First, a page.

Ureteroscopic Treatment of Urolithiasis

Extraction of ureteral stones with grasping forceps:

Small ureteral stones can be easily extracted with grasping forceps. Forceps for ureteroscopy are mostly reusable, their application is cheap.

Extraction of ureteral stones with Dormia baskets:

Ureteral stones, which are small enough to be extracted completely, can easily be removed with Dormia baskets [fig. extraction of ureteral stone with Dormia basket]. Major disadvantage of Dormia baskets are the costs of the disposable instrument.

First, the closed Dormia basket is advanced between stone and ureter wall. Beware of fixed ureteral stones, as the fragile ureteral wall can easily be perforated. Above the stone, the stone basket is opened and pulled back. With manipulation (e.g., rotating), the basket is manipulated around the ureteral stone. The stone basket is slowly closed until the stone is trapped within the basket. The ureteroscope is slowly withdrawn together with the basket, this is controlled with direct vision. The ureteral stone should glide along the urothelium. If the extraction with the stone basket is not possible due to size, proceed with lithotripsy of the stone (see below).

fig. ureteroscopy: extraction of a ureteral stone with a Dormia basket
Ureteroscopy: extraction of a ureteral stone with a Dormia basket

Top left: ureteroscopic view of a ureteral stone.
Top right: Passage of the closed Dormia basket between stone and ureteral wall.
Middle left: the opened Dormia basket is manipulated around the stone.
Middle right: closing of the Dormia basket.
Bottom left: Passage of the ureteral stone through the distal narrow ureter.
Bottom right:ureteroscopic view of the ostium with a small lesion after extraction of the stone

Lithotripsy of ureteral stones:

Larger ureteral stones cannot be extracted in toto, they need a lithotripsy in the ureter. Afterward, the fragments can be removed.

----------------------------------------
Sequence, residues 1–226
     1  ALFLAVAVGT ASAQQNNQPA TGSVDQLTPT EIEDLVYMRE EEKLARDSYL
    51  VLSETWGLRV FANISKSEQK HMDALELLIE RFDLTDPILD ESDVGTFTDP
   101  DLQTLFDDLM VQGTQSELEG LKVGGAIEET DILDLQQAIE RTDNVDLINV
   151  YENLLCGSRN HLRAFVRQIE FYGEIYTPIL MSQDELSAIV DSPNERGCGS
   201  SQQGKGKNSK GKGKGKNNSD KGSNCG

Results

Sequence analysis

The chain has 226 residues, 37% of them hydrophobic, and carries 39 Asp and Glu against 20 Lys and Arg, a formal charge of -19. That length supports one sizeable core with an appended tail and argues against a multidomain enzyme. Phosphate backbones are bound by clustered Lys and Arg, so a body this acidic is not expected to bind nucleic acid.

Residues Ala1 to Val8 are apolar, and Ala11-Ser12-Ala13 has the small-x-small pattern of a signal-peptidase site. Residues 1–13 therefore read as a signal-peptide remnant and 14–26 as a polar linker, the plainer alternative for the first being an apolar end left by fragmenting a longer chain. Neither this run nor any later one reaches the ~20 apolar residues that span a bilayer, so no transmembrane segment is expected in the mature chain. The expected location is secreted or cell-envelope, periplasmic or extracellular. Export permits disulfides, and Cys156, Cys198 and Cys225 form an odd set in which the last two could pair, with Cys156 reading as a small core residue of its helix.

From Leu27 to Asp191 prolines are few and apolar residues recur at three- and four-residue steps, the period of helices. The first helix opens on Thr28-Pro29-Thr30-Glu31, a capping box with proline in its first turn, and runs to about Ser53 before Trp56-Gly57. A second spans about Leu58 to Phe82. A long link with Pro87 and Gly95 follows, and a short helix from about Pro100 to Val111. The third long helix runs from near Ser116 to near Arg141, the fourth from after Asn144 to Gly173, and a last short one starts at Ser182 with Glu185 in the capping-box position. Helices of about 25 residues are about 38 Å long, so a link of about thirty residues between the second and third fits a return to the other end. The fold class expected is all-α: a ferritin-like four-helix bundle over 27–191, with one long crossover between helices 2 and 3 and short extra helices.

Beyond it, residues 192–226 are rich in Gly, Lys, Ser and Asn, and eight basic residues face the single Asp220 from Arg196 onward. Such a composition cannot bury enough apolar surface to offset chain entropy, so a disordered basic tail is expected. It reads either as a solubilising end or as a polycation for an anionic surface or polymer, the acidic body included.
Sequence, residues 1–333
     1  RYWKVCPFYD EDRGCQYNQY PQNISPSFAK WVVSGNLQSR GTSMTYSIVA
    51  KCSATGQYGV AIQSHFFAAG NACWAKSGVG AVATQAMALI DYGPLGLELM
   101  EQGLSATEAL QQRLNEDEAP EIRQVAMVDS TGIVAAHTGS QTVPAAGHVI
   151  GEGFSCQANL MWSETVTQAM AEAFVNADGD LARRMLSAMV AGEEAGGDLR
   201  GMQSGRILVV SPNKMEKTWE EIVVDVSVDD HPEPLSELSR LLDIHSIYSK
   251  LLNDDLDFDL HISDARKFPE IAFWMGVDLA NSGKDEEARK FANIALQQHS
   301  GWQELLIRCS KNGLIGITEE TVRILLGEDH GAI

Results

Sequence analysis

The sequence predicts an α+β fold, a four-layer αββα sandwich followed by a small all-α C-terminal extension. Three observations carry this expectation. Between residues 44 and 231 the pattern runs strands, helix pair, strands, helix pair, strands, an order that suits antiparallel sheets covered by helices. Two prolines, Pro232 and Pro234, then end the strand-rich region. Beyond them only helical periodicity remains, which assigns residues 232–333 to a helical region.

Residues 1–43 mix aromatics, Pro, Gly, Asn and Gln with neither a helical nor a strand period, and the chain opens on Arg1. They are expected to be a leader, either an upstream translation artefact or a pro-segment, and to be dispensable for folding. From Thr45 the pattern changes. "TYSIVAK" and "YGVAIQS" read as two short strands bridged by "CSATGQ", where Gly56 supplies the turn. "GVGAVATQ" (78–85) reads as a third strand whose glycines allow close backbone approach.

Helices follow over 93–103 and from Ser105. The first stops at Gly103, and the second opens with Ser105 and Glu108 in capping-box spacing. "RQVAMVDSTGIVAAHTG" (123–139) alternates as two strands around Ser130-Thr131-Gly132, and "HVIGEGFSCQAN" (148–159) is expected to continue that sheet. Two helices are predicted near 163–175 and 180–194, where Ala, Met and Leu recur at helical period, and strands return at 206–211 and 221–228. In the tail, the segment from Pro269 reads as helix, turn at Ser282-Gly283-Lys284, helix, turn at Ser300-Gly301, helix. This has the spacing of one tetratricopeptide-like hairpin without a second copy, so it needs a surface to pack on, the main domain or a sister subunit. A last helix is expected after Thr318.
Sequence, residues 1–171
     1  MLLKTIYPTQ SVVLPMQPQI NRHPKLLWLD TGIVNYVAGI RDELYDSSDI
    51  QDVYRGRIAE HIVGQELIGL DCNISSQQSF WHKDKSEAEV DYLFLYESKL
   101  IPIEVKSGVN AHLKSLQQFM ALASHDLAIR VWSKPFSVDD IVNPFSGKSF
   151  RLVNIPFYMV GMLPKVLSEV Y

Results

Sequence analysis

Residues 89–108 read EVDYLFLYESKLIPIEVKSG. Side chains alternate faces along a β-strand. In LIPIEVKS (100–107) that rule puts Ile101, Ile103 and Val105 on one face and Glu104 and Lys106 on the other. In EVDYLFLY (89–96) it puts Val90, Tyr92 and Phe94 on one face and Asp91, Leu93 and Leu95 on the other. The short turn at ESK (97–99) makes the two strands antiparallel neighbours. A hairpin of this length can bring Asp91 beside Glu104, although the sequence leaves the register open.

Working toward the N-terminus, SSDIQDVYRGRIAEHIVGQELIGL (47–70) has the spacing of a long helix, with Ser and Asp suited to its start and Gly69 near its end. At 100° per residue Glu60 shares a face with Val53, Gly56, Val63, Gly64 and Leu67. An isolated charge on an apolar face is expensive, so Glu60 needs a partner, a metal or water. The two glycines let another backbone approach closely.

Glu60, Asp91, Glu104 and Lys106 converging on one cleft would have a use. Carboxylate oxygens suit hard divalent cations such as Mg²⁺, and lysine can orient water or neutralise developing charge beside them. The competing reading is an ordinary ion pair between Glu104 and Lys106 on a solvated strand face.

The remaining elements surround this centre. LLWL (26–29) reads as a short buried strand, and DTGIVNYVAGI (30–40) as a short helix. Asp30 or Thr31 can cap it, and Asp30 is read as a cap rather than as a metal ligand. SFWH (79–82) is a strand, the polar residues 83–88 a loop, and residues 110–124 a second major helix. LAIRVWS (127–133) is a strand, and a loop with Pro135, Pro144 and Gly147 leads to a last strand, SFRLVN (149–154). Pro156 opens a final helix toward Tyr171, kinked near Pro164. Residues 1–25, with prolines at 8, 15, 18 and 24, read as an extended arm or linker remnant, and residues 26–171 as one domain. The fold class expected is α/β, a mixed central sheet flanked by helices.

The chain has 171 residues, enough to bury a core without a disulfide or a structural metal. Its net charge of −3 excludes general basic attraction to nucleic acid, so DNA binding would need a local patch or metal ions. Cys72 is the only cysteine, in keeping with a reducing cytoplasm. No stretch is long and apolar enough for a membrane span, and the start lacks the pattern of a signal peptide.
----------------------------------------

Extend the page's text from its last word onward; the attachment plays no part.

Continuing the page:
The following possibilities for ureteroscopic lithotripsy exist:

Laser lithotripsy has the advantage of minimizing the trauma to the ureter and to reduce the stone dislocation during lithotripsy [fig. Holmium-Laser lithotripsy]. Furthermore, 3 CH-probes for flexible ureteroscopy are available. Depending on the energy source and settings, lithotripsy may produce small stone fragments, which are removed afterward with a stone basket, or the ureteral stone is pulverized (stone dusting).

fig. Lithotripsy with Holmium Laser

Lithotripsy with Holmium-Laser

Ureteroscopic Treatment Options for Strictures and Tumors

Ureteroscopic biopsy:

Biopsies should be taken from tumors or strictures of unknown etiology. For rigid or flexible ureteroscopes, there exist a varitey of biopsy forceps. The amount of resulting tissue with ureteroscopic biopsy is very small. Multiple biopsies are necessary, to obtain a reliable diagnosis.

Ablation of ureteral tumors:

Endoscopic palliative treatment of ureter or renal pelvis tumors is possible with ureteroscopic resectoscopes. Alternatively, tumor ablation is possible using laser coagulation.

Ureteroscopic incision of ureteral strictures:

see section ureteral strictures.

Stenting of the Ureter

After ureteroscopy, especially after longer manipulation, the placement of a DJ ureteral stent is necessary for 2–4 weeks. After perforation of the ureter, a bladder catheter (for a few days) and an DJ ureteral stent should be placed, to allow a pressure-free urine drainage. The placement of a DJ has been dispensed with success (in several randomized trials) after uncomplicated ureteroscopy (e.g., after ureteral stone extraction).

Complications of Ureteroscopy

Index: 1–9 A B C D E F G H I J K L M N O P Q R S T U V W X Y Z